Published 11:25 p.m. UTC Sep 4, 2018
WASHINGTON – The first day of confirmation hearings for Brett Kavanaugh – President Donald Trump's nominee for the Supreme Court – quickly lurched out of control Tuesday with screaming protesters and senators who refused to stick to the 10-minute timeline for their partisan speeches.
Senate Judiciary Committee Chairman Chuck Grassley, R-Iowa, vowed to take charge of the hearings on Wednesday when senators get a chance to start questioning Kavanaugh in a grueling session that is expected to last at least 12 hours.
Here's a look at some of the highlights of Tuesday's session and what to expect on Wednesday:
The first day got off to a wild start.
The first 90 minutes of the hearing were taken up by dozens of protesters interrupting the proceedings by yelling out anti-Kavanaugh slogans. At the same time, Democratic members made a last-ditch effort to postpone the hearing to give them time to review a mountain of documents about Kavanaugh and to demand more.
The protesters were removed from the hearing room by Capitol Police, and attempts by Democrats to delay the proceedings failed when Grassley ruled them out of order.
Sen. John Cornyn of Texas, the second-highest-ranking Republican in the Senate, dubbed the raucous scene "mob rule."
Access to documents is a big battle.
Democrats said the hearing should be delayed until they receive all of the documents from Kavanaugh's three-year tenure as staff secretary for former President George W. Bush.
The White House has withheld more than 100,000 pages based on claims of executive privilege. Democrats also complained that Republicans dumped 45,000 documents on the committee the night before the hearing, giving senators little time to review them.
But Grassley said the committee has already received 483,000 pages of records from Kavanaugh's time working in the White House counsel's office during the Bush administration. About 300,000 pages were posted on the committee's website for public review, while the remainder were restricted to senators.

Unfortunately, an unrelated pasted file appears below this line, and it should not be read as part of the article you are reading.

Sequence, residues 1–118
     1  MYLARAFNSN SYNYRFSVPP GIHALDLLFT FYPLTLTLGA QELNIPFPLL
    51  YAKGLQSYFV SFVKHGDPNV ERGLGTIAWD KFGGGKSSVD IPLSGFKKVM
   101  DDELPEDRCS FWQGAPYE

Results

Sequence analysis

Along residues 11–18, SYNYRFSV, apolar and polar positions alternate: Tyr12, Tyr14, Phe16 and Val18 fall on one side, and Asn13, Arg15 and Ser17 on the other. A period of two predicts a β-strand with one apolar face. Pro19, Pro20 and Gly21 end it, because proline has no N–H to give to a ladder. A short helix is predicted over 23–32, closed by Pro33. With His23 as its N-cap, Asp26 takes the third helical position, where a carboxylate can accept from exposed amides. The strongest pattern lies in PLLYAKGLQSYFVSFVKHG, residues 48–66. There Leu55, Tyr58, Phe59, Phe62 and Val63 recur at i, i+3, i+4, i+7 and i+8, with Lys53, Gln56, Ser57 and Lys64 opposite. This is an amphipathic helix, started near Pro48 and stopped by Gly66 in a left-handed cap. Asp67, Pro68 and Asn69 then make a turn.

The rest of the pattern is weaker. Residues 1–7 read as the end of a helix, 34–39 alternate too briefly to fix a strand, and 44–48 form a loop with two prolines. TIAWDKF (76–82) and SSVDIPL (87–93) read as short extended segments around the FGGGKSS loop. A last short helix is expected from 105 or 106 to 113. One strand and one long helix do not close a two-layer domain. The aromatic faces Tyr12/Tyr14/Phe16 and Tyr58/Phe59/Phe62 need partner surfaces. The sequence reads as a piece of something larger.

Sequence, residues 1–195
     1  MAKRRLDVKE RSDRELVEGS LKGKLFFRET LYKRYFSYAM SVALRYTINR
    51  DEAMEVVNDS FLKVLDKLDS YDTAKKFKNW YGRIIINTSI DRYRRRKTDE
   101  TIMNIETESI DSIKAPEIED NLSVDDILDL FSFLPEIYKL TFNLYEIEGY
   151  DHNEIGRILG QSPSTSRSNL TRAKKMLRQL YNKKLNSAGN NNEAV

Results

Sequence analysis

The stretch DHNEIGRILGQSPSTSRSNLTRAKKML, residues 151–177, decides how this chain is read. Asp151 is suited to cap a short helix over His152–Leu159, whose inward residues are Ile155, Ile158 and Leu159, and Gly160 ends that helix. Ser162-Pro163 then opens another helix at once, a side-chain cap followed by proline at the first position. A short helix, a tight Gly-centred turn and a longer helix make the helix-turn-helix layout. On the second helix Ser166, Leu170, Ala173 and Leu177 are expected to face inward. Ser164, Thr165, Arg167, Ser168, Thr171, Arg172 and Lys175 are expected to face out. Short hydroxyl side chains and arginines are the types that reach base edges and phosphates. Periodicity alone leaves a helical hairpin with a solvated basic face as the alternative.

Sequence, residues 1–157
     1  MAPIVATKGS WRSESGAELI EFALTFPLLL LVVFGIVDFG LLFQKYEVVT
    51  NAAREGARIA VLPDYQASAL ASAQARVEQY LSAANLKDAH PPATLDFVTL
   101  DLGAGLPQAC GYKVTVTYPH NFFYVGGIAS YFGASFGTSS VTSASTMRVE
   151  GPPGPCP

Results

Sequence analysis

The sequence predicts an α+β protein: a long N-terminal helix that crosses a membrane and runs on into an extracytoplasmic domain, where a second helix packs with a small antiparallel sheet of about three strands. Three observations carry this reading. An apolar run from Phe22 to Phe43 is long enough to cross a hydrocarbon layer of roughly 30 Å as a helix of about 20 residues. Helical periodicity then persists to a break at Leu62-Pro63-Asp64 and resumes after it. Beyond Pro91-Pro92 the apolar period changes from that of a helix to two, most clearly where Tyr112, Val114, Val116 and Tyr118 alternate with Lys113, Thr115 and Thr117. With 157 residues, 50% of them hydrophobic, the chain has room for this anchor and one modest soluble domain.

"The American people have unprecedented access and more materials to review for Judge Kavanaugh than they ever had for a Supreme Court nominee," Grassley said in refusing to delay the hearing.
Kavanaugh finally got to speak.
After a day filled with lengthy speeches from the 21 senators on the Judiciary Committee, Kavanaugh had a chance to introduce himself to the public as he read his introductory statement.
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Kavanaugh's comments were the least controversial of the hearing. When it was finally his turn to speak, Kavanaugh told senators that, if confirmed to the high court, he would be a legal "umpire" who would not choose sides ahead of time.
"I don’t decide cases based on personal or policy preferences. I am not a pro-plaintiff or pro-defendant judge. I am not a pro-prosecution or pro-defense judge," Kavanaugh said. "I am a pro-law judge."
Senators gave a preview of Day Two.
Senators told Kavanaugh some of the top issues that they will bring up when they get a chance to begin questioning him on Wednesday.
Both Republican Sen. Jeff Flake of Arizona and Democratic Sen. Richard Blumenthal of Connecticut said they plan to ask Kavanaugh questions about his views on presidential power and the limits of that power.
"I want to know where you think executive powers begin and end," Flake told Kavanaugh, who is currently a federal appeals court judge.
Blumenthal said the issue is especially important since Kavanaugh could be the deciding vote on whether or not special counsel Robert Mueller can indict Trump or compel him to testify as part of the investigation into Russian interference in the 2016 election.
"Your responses to our questions will be highly enlightening about whether you join us in defending the Department of Justice and the rule of law," Blumenthal said
Democrats also indicated that they will ask the judge about his views on abortion rights, gun control, civil rights, and healthcare.
Expect Wednesday's hearing to be a marathon.
The committee expects the hearing to last at least 12 hours, and possibly longer. Each of the 21 senators will get 30 minutes to ask questions of Kavanaugh, whose ability to survive the endurance contest is a key test of whether he will be confirmed.
If Kavanaugh is like most recent nominees, he will answer the questions cautiously and try to avoid saying how he would rule on a particular issue.
Contributing: Richard Wolf